This week we catch up with Julia Buckley, content editor of The Running Bug.
About The Running Bug:
The new site launched last week and is now live at: www.therunningbug.co.uk
It’s going down a storm and we’re getting ever more confident of achieving our aim of becoming the UK’s number 1 online destination for recreational runners.
What stories are you most interested in covering?
Anything related to running. We cover all the things you’d expect, like gear and event reviews, trends in the sport, advice on training and diet, etc. But also many things you might not, like celebrity interviews, hair and skin care (in the women’s section), health club/spa reviews, even travel features – all from a running angle of course.
What makes you different from the other outlets in your sector?
There are other content sites for runners and other social networking sites for runners, but The Running Bug is only place that offers the whole package and does it well. We’re a wholly-online platform (rather than just a website offshoot of a print magazine) and we’re not beholden to a publisher. All of the TRB team have a background in new media, so we know our stuff when it comes to the web and we’re passionate about delivering excellent community functions and top quality content. Of course, we’re all runners too!
How do you decide the content, front covers and headlines?
The new site has a great promo slot on the homepage for highlighting our most compelling new articles. I’ll be covering all the running basics in our content like training tips, injury advice, gear reviews, etc. But for our headline articles I really would like content that covering new trends, is linked to something in the news, or is just something really original that our visitors won’t have come across before.
Do you produce a features list? Why? Why not?
Yes. It will be ready for distribution soon.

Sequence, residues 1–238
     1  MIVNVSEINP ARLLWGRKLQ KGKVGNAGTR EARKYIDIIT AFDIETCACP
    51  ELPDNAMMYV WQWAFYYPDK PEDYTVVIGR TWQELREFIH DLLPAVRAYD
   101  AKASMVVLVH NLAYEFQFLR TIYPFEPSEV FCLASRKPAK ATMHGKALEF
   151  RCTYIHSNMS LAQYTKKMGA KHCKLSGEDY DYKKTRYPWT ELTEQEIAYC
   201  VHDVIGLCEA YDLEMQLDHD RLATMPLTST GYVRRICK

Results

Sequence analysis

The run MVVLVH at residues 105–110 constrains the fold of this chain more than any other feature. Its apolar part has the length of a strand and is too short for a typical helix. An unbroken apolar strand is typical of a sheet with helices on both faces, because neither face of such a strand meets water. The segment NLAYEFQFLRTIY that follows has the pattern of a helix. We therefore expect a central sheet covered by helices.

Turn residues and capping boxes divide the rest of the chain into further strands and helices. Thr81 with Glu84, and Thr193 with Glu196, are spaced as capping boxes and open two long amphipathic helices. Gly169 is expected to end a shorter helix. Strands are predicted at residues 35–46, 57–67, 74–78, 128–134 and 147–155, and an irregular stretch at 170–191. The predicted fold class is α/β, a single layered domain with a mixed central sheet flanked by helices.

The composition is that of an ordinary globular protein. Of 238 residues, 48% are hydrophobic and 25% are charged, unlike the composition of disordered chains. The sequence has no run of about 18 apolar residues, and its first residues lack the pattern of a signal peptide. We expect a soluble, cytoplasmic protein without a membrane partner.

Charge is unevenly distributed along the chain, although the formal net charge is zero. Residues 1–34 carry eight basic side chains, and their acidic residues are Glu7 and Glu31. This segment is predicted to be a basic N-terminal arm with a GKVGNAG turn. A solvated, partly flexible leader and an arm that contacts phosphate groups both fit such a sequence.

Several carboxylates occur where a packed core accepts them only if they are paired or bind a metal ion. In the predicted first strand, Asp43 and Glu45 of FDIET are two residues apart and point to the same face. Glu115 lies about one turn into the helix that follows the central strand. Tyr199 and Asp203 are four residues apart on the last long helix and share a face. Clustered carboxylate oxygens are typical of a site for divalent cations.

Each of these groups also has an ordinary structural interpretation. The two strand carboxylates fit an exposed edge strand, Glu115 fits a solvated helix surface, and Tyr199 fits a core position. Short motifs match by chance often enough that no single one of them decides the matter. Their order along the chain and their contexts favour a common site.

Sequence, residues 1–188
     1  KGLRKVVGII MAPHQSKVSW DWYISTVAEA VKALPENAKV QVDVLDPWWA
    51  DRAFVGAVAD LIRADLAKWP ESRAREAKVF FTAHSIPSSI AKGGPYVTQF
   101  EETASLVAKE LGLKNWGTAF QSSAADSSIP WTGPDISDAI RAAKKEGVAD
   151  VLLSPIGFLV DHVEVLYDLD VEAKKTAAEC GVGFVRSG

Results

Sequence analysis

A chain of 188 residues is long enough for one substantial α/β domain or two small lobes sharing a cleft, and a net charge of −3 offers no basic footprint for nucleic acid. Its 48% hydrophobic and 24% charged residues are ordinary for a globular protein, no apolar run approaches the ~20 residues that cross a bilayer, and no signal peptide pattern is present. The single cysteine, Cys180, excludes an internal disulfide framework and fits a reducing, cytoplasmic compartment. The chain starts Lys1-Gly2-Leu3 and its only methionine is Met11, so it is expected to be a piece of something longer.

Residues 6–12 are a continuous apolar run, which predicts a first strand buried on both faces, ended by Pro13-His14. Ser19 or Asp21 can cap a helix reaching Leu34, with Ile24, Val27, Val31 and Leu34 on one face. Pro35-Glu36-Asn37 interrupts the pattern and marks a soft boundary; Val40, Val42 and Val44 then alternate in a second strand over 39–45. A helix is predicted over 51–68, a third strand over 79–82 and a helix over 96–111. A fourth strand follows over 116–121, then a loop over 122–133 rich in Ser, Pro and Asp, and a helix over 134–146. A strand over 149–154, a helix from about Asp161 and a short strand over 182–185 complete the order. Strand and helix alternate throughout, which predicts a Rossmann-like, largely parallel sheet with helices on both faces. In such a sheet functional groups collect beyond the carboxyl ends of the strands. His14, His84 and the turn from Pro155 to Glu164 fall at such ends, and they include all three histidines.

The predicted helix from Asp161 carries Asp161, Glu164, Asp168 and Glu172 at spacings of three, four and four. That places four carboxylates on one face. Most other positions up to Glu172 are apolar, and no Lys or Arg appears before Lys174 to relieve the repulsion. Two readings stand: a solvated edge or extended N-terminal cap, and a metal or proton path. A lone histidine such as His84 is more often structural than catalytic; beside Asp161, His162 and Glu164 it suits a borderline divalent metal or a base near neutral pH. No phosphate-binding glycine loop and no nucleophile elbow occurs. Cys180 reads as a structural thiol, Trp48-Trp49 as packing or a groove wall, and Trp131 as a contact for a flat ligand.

Do you use freelance contributions, and if so, are they for any particular section/type of work?
I don’t have a budget for freelancers yet, but I do welcome contributions if they’re well-written, well-sourced and fit with the tone of the site.
Do you work closely with PRs (e.g. for supplements, round tables, events) or do you keep them at arm’s length?
Yes, mostly for product reviews.
If you could make one change to the way PRs deal with you, what would it be?
Most PRs get it right anyway, but I would like it if some of them would understand how busy my email inbox is. I get about 100 emails a day, many of which are press releases or enquiries from PRs. I do read all of them, but it’d be impossible for me to reply to everyone. I’m afraid if I don’t get back to you it means I’m not interested, there’s no need to get in touch again to ask. I wish I could reply to everyone all the time, but I’d never get anything else done!
How should a PR approach you about their client?
We pride ourselves on quality editorial at The Running Bug, so I’m not going to publish advertorial on the site or copy-paste press releases – they need to speak to the commercial team about an advertising package if they’re hoping to place something like that. Otherwise they can feel free to drop me an email: firstname.lastname@example.org
What information/input from PRs is most useful to you?
Info on running product launches, events, and details of relevant research will always be welcome. Sometimes I’ll contact PRs when I need comments/quotes for articles.
When is the best time for PRs to contact you & what is your deadline for contributions?
Anytime by email. I prefer not to get phone calls about pitches.
Describe a typical day at work: What are you editorial duties/responsibilities at the outlet (e.g. commissioning, subbing, features, interviewing)?
All of the above and more!
What interests you most about your job?
Running, fitness and the outdoors are probably my main passions in life, so it’s fantastic to have a job that combines these. Working on The Running Bug is perfect for me, because I love new media and online social networking, it’s such an exciting thing to be a part of.
Where have you worked previously, and how did you end up in your current position?
I worked at the BBC for a long time, mostly in online. I’ve freelanced for a huge variety of different titles – The Times, The Independent, Cosmopolitan, Closer, Good Homes and UKTV to name a few. I’m still a regular contributor to Walk magazine and some fitness magazines alongside being Editor of The Running Bug. My last job was Editor of Running Free magazine. I enjoyed working on a print title, but I’m really pleased to be back in online.
Do you Twitter?
Yes, love it! Do drop me a tweet: @julia_b
What’s the best advice you’ve been given?
Take a chance, while you’ve still got the choice.
What media do you seek out 1st thing in the morning?
While I drink my first cup of tea it’s got to be The Today Programme on Radio Four. So sensible and clever, I find it quite soothing… Then I’ll probably get into the car and listen to XFM on the way to the office to get me going for the day.
If we gave you £1000 how would you spend it?
I know this is really boring, but it’d just have to go into the bottomless pit that is my off-set mortgage account!
[lnk|http://www.featuresexec.com/publications/info_outlet.php?pubid=17017|_self|The Running Bug]